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New Blood Pressure Control Guidance for Clinicians and Community Partners Released
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Heart Disease and Stroke Prevention
Publish Date:
February 5, 2015

Concord, NH – In recognition of American Heart Month, the New Hampshire Department of Health and Human Services (DHHS) is pleased to announce the release of Ten Steps for Improving Blood Pressure Control in New Hampshire: A Practical Guide for Clinicians and Community Partners, primarily authored by Rudy Fedrizzi, MD, of Cheshire Medical Center/Dartmouth Hitchcock–Keene, and Kimberly Persson, MSW, of the Institute for Health Policy and Practice at the University of New Hampshire. This guide details how clinicians and communities can work together to improve hypertension throughout the State.

The New Hampshire Million Hearts Learning Collaborative developed the Ten Steps, a step-by-step manual to guide practitioners, quality improvement personnel, and practice administrators in improving blood pressure control in clinical practice and through community outreach. The manual distills the lessons learned from the New Hampshire’s Million Hearts Learning Collaborative. When combined, these ten steps provide a comprehensive approach to improving hypertension control rates within communities.

Hypertension, also known as high blood pressure, is a common and dangerous condition. It increases a patient’s risk for heart disease and stroke. Heart disease is the second leading cause of death in New Hampshire. Almost 2,000 people died in New Hampshire due to coronary heart disease or heart attacks in 2012. Stroke is the fifth leading cause of death in the State causing an additional 438 deaths in 2012.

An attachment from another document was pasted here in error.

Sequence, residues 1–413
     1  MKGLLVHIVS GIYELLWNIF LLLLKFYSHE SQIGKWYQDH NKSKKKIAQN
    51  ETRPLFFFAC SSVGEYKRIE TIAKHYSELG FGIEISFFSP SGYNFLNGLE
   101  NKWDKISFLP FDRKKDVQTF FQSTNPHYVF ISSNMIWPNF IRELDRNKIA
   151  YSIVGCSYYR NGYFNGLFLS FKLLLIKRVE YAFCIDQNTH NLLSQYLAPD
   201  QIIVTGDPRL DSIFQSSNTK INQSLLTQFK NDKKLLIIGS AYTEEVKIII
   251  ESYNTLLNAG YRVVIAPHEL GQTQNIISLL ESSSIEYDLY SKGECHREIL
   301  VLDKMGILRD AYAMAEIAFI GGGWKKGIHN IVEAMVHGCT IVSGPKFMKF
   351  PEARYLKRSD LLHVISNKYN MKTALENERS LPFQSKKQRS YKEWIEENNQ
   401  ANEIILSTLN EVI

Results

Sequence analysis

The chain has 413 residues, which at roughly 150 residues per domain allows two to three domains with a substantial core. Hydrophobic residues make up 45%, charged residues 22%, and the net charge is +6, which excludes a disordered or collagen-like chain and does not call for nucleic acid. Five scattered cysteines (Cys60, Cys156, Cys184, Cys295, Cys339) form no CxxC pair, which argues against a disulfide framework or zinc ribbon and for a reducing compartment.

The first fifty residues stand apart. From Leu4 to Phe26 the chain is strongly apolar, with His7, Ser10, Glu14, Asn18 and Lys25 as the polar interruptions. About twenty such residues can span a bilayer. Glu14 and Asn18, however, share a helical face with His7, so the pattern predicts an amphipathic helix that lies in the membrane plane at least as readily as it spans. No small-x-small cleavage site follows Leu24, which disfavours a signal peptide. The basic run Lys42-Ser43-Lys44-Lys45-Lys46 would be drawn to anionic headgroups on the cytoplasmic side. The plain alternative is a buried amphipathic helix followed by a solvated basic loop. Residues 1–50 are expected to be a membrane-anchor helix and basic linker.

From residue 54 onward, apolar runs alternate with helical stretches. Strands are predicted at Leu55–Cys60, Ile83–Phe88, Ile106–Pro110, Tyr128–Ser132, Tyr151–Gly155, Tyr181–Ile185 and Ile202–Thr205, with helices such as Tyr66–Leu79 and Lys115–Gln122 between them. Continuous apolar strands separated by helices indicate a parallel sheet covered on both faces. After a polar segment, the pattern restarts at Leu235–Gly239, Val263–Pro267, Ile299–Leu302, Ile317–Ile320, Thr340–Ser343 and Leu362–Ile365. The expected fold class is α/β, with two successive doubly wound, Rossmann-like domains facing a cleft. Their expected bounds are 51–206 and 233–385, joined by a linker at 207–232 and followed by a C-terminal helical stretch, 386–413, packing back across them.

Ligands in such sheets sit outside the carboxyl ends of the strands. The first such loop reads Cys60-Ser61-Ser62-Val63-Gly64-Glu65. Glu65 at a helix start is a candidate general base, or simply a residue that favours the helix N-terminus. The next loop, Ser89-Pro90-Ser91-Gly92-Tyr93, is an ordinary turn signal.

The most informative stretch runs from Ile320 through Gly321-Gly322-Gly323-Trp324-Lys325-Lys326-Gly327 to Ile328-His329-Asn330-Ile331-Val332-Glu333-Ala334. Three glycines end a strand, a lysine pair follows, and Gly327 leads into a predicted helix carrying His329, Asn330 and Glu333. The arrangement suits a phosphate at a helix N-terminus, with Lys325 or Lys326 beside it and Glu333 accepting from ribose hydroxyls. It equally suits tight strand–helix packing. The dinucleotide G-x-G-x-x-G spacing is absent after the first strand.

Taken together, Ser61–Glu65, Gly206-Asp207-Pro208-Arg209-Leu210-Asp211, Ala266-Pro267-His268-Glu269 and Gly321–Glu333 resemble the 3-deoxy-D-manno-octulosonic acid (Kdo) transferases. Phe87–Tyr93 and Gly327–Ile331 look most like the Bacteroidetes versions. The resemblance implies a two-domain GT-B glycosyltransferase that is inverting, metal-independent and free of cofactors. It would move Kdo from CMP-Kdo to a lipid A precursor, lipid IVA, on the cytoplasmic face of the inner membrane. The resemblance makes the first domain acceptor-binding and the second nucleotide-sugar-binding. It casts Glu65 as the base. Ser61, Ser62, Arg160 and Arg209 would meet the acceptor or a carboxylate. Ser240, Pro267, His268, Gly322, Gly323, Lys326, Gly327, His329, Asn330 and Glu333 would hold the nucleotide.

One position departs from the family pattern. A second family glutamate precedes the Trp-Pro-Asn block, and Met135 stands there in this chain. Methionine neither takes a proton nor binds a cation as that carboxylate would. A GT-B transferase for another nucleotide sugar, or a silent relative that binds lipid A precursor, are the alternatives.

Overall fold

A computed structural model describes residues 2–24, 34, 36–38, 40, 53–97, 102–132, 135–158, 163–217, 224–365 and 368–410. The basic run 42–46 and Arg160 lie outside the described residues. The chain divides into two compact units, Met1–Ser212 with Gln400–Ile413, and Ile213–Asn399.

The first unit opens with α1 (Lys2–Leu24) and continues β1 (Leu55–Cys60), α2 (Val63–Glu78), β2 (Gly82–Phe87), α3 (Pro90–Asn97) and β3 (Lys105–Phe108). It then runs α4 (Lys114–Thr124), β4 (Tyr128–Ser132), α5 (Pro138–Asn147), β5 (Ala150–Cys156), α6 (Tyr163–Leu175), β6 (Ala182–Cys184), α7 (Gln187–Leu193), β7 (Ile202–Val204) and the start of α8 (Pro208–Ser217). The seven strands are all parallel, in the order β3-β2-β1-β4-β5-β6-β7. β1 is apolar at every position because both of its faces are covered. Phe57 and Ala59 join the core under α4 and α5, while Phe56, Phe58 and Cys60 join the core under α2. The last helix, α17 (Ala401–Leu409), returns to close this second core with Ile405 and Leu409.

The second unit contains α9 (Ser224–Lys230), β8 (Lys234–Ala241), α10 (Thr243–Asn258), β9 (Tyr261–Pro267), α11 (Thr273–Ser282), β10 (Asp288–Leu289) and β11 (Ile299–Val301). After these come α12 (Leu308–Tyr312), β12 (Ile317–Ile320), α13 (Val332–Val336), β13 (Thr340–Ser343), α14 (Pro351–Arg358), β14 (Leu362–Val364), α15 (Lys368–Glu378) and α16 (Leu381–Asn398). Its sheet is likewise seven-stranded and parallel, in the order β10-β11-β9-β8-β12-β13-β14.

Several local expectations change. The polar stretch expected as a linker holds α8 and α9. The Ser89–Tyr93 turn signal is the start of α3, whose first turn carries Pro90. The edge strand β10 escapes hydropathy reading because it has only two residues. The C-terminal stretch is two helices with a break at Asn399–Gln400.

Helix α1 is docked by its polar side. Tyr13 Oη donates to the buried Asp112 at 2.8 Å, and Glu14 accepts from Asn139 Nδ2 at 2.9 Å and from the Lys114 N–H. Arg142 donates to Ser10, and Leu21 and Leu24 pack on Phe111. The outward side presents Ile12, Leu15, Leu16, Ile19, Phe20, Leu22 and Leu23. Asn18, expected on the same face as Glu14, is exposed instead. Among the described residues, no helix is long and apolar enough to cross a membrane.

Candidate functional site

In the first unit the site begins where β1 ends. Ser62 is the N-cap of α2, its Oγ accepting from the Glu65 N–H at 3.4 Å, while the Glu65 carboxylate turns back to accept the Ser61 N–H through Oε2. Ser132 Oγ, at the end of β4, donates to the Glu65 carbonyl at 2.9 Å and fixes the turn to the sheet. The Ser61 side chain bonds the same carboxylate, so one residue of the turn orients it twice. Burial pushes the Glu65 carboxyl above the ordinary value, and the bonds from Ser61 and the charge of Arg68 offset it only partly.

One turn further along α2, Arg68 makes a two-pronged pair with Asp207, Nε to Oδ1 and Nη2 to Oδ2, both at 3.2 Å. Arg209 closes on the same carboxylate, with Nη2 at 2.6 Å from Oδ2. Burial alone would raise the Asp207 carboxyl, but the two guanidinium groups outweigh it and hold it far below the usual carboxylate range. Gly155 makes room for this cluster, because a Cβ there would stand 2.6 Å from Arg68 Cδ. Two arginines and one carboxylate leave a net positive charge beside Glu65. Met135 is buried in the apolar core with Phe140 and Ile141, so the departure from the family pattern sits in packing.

"Hypertension is not controlled in too many people throughout New Hampshire," said Dr. José Montero, Director of Public Health Services at DHHS. "This manual is an important step toward encouraging health care providers and community agencies, such as YMCAs, local health departments, and others, to work together to meet the challenge of providing effective care and promoting a healthy lifestyle among those they serve."

In October 2013, DHHS, along with nine other states and the District of Columbia, was awarded a Million Hearts funding grant by the Association of State and Territorial Health Officials (ASTHO), with seed money from the Centers for Disease Control and Prevention (CDC). Million Hearts is a national initiative working to prevent one million heart attacks and strokes by 2017.

New Hampshire's work is modeled after the successful strategies implemented at Cheshire Medical Center/Dartmouth Hitchcock–Keene over the past few years. The grant's framework is based on learning collaboratively through community partnerships. New Hampshire’s Million Hearts Learning Collaborative partners include:

  • DHHS Division of Public Health Services
  • Institute for Health Policy and Practice at the University of New Hampshire
  • Cheshire Medical Center/Dartmouth Hitchcock–Keene (CMC/DHK)
  • City of Manchester Health Department
  • Manchester Community Health Center (MCHC)
  • Nashua Division of Public Health and Community Services, and
  • Lamprey Health Care – Nashua (LHC-N)

Utilizing evidence-based public health interventions, MCHC improved the blood pressure control rate among its patients from 66% to 75% over the course of 2014, and LHC-N improved its rate from 69.5% to 72%.

With additional support from ASTHO and CDC, Goodwin Community Health, partnering with Wentworth Douglass Hospital, Frisbie Memorial Hospital, and Community Partners, will now participate in the New Hampshire Million Hearts Learning Collaborative.

The guide can be found at Adobe Acrobat Reader Symbol. An interactive, half-day workshop to support practitioners and practice administrators in implementing the guide’s strategies is scheduled for Thursday, March 26, 9:00 am–12:00 pm at the New Hampshire Department of Transportation, Granite State Conference Room, 7 Hazen Drive, Concord, NH, 03302. To register, go to Space is limited. Please register by Friday, March 20.

For more information about heart disease and stroke prevention, visit the DHHS website Adobe Acrobat Reader Symbol. To learn more about American Heart Month, go to

Adobe Acrobat Reader Symbol Adobe Acrobat Reader format. You can download a free reader from Adobe.

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New Hampshire Department of Health and Human Services
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